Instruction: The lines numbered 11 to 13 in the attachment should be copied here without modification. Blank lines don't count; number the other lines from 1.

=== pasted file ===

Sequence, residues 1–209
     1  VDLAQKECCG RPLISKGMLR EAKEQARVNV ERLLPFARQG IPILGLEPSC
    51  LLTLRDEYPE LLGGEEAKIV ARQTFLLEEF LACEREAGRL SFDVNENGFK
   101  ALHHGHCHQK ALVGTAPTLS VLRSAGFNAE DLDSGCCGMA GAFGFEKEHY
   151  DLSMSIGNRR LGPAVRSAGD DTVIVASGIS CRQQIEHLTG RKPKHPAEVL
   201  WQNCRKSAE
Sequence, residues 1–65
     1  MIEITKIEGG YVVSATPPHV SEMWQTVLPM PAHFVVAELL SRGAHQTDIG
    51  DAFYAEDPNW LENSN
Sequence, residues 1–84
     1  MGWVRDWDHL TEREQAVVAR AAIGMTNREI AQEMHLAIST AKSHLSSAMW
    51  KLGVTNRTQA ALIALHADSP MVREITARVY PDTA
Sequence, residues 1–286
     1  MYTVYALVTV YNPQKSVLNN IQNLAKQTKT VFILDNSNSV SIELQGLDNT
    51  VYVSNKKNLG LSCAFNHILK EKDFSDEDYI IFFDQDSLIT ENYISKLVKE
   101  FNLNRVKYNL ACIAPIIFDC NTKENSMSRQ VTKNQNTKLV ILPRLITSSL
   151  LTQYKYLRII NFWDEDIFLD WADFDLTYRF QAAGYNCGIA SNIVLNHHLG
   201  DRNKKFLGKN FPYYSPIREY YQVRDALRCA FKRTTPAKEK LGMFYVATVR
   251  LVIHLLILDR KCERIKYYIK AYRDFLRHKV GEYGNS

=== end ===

     1  MGWVRDWDHL TEREQAVVAR AAIGMTNREI AQEMHLAIST AKSHLSSAMW
    51  KLGVTNRTQA ALIALHADSP MVREITARVY PDTA
Sequence, residues 1–286